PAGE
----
Moreover, MadridBabel also works with a quality room finding and estate agency in Madrid and London with special prices for carefully selected furnished flats and rooms in well connected areas of both cities. An excellent relocation service is also available.
MadridBabel collaborates with a variety of entities (some of them being part of MadridBabel Club, where they offer discounts, promotions and special events to all its members) as well as creates links to other similar international groups including partner groups known as MontpellierBabel,TorontoBabel, CádizBabel, LimaBabel, UdineBabel, ValenciaBabel, El Puerto Babel, Ottawababel, JerezBabel, ParisBabel, BelemBabel, RomaBabel, San Diego Babel, Ciudad Real Babel, TriesteBabel, ToledoBabel, RiojaBabel, KWBabel (Canada) MéxicoBabel (Aguascalientes), BarnaBabel (Barcelona) and KBH Babel (Copenhague). It also represents Spain in the Language Exchange International Federation.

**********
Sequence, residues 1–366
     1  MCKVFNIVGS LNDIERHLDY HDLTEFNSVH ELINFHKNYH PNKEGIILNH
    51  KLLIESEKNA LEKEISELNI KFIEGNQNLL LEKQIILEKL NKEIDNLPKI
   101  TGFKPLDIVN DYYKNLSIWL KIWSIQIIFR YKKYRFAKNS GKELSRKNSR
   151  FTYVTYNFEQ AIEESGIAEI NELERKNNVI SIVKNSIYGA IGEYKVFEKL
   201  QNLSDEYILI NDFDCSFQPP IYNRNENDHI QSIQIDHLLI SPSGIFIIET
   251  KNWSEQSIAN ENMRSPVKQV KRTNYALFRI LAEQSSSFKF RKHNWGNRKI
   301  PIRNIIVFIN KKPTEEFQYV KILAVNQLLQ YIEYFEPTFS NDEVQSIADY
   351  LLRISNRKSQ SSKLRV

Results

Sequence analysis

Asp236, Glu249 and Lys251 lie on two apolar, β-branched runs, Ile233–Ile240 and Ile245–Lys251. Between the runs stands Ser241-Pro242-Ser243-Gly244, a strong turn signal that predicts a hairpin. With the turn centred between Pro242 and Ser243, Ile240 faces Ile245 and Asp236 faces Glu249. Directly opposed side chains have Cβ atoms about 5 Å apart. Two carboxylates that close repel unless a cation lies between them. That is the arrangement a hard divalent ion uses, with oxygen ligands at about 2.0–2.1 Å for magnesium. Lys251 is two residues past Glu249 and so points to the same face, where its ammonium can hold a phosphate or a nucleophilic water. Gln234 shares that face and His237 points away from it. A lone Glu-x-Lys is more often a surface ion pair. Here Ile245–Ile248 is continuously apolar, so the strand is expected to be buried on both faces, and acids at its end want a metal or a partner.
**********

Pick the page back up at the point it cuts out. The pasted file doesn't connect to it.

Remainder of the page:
Grupos de Conversación - The best language exchange groups in Madrid include David's group at left in O'Neill's Irish Pub on Tuesdays and at the Beer Station on Thursdays at 22.00 pm. The group has 100s of members and it's so popular that even some of my own students drop in at one time or another.
Frankly, forums around here suck! They suffer from a condition which is called, "we don't want you mentioning any info ('spam' according to them) that might make us some money if someone, namely an academy or agency, will pay for it." This is the same same sort of ailment that newspapers suffer from. Have you ever noticed that you only seem to hear about that great concert (or other event) that you would have loved to have attended if only they had informed you about it beforehand? Nope, it will never happen. Not unless they pay for it. In forums, the same thing happens except that they actively "moderate-out" anything of real interest. Go ahead, if you want to waste a lot of time and never be able to say anything truly serious, search for one in Google and you'll find all of them are full of newbies all begging for scraps of information and whiners whining about being stuck in dead-end jobs, but very few real pros. So, they're all the same in that regard.
The Worst of Madrid:
Warnings (just opinion based on extensive personal experience in Spain):